DOD set to test travel system

About 200,000 Defense Department employees in 11 midwestern states will start planning
their trips through a new uniform temporary duty system, once it finishes operational
tests this year.

“We’ll go to Whiteman Air Force Base, Mo., in April or May to test it live
with airmen on TDY before we turn the switch on,” said Army Col. Albert Arnold III,
the project manager.

The system will standardize TDY voucher payments despite the crazy-quilt nature of DOD
communications and data processing. “We’re buying services, but we won’t
own the system,” Arnold said. “We’ll own the data.”

Outsourcing the travel services was the best way to keep up with changing technology
and best industry practices, Arnold said.

TRW Inc. of McLean, Va., which last year won the $263.7 million Defense Travel System
contract, will own and maintain the travel application servers and secure gateway at its
Regional Data Center East in Fair Lakes, Va. The company’s C2-certified CyberShield
gateway and intrusion-detection and monitoring software will run on a Data General Corp.
Aviion 2000 server under DG-UX.

Users will log in from their computers using digital certificates provided by Defense
travel administrators. The transactions will travel over a virtual private network through
DOD’s T1 Non-Classified IP Router Network to TRW’s data center. Users also will
also dial in via 56-Kbps connections.

TRW will host the travel application on a pair of Sun Microsystems 6000 parallel
cluster servers running SunSoft Solaris 2.6 and the Gelco Travel Manager 7.1 application
from Gelco Information Network Inc. of Minneapolis. The digitally signed records will
reside in an Oracle8 database.

DOD users will access the travel system from their Microsoft Windows, browser or Telnet
screens. “Around the world they will see the same software interface with some slight
modifications because of the different technologies involved,” Arnold said.

The principal technical challenge will be scaling up the Gelco travel application, said
Leo Hergenroeder, the contractor’s deputy program manager. TRW also will have to make
frequent software updates to reflect travel policy changes.

“As the Joint Travel Regulations change, certain tables within the software will
change so that all vouchers are processed correctly,” Hergenroeder said.

TRW has modified the Travel Manager software by adding Digital Signature Standard
interfaces as well as interfaces to leading travel reservation systems, Hergenroeder said.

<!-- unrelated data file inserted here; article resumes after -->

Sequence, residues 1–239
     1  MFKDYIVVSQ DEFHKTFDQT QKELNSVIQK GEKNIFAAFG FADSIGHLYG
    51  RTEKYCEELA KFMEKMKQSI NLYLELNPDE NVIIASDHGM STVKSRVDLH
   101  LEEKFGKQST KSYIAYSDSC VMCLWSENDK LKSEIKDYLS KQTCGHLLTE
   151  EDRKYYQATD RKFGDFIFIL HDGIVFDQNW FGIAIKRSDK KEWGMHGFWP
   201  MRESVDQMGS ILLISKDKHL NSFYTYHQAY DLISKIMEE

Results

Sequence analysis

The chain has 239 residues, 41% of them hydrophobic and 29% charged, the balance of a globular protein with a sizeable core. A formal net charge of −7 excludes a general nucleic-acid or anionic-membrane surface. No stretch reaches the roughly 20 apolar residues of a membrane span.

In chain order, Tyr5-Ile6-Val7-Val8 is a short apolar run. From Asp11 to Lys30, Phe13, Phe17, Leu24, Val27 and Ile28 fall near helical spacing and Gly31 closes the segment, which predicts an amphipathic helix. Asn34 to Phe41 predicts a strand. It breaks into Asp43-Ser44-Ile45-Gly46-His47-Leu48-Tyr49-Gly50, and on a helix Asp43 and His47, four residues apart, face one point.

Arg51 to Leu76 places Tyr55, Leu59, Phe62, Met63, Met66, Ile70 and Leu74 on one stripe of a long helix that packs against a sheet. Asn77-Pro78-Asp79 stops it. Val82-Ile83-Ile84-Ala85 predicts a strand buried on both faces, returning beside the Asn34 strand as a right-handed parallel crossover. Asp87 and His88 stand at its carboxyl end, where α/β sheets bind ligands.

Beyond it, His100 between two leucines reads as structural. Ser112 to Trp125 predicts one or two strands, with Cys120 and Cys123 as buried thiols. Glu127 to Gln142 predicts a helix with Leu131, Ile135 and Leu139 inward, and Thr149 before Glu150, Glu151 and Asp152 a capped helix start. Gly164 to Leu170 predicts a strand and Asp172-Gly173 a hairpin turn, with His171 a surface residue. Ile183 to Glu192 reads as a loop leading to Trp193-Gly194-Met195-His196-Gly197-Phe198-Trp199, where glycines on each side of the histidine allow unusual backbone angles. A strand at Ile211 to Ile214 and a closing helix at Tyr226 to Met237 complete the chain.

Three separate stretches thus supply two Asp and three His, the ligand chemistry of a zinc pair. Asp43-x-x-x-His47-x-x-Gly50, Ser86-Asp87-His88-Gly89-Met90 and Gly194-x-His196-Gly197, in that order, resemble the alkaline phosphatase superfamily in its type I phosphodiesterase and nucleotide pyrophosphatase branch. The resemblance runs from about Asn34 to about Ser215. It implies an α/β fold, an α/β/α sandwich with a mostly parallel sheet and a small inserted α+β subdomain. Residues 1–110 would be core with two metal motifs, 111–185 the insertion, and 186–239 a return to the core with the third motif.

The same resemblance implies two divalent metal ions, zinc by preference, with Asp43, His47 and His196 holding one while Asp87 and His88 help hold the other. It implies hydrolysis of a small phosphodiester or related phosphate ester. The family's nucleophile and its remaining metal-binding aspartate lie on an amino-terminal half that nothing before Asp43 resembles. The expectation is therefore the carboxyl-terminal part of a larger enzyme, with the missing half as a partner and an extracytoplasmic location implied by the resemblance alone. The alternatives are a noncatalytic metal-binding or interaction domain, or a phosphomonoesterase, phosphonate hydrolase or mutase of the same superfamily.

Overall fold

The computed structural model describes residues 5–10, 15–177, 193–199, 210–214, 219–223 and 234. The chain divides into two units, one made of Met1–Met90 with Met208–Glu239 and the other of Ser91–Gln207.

The travel system will have digital signature capabilities from RSA Data Security Inc.
of Redwood City, Calif. “When we interface with industry, we’ll have RSA
available,” Arnold said.

“When we interface with government entities, we’ll use DSS—it will be
automatic.” The system also will have electronic commerce interfaces to Defense
Finance and Accounting Service accounting and disbursing systems.

A split disbursement feature will deposit travel reimbursements in travelers’ bank
accounts via electronic funds transfer. Employees can choose to have the travel system pay
off their government charge card bills to NationsBank Visa.

The Defense Information Systems Agency will provide a medium-assurance public-key
infrastructure to manage digital signatures for electronic travel authorizations and
electronic vouchers. DISA licenses the Netscape Communications Corp. Certificate Server
and Directory Server, which are installed at the department’s Mechanicsburg, Pa., and
Denver data megacenters.

DOD expects substantial cost savings from replacing its multiple paper-based travel
systems. The Army Military Traffic Management Command, which awarded the Defense Travel
System contract, manages it.


  • Records management: Look beyond the NARA mandates

    Pandemic tests electronic records management

    Between the rush enable more virtual collaboration, stalled digitization of archived records and managing records that reside in datasets, records management executives are sorting through new challenges.

  • boy learning at home (Travelpixs/

    Tucson’s community wireless bridges the digital divide

    The city built cell sites at government-owned facilities such as fire departments and libraries that were already connected to Tucson’s existing fiber backbone.

Stay Connected